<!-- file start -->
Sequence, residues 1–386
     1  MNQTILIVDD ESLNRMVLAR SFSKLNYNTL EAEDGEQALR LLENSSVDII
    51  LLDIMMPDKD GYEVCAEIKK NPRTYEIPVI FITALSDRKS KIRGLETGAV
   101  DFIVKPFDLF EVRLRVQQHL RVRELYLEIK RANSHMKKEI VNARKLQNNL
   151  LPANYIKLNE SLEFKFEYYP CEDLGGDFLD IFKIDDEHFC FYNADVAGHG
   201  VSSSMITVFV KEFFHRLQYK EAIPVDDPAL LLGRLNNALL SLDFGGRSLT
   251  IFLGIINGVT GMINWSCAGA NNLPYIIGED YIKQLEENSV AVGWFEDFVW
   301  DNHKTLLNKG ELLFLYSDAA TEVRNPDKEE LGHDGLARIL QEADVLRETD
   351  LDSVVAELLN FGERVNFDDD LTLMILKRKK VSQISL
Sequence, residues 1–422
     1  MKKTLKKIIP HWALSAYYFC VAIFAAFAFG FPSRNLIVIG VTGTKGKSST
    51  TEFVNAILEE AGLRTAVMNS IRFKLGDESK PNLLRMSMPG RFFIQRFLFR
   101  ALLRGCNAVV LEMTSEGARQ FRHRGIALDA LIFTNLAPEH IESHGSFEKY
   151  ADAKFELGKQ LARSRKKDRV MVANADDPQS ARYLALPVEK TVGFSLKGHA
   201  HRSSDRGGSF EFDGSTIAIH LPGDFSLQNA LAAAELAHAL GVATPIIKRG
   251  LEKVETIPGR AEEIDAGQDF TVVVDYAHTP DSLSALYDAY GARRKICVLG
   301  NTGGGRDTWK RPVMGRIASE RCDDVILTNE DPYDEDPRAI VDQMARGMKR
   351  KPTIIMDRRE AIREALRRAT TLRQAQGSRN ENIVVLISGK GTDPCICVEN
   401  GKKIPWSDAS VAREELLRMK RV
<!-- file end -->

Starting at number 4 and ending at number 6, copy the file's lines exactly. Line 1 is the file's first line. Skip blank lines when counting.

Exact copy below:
   101  DFIVKPFDLF EVRLRVQQHL RVRELYLEIK RANSHMKKEI VNARKLQNNL
   151  LPANYIKLNE SLEFKFEYYP CEDLGGDFLD IFKIDDEHFC FYNADVAGHG
   201  VSSSMITVFV KEFFHRLQYK EAIPVDDPAL LLGRLNNALL SLDFGGRSLT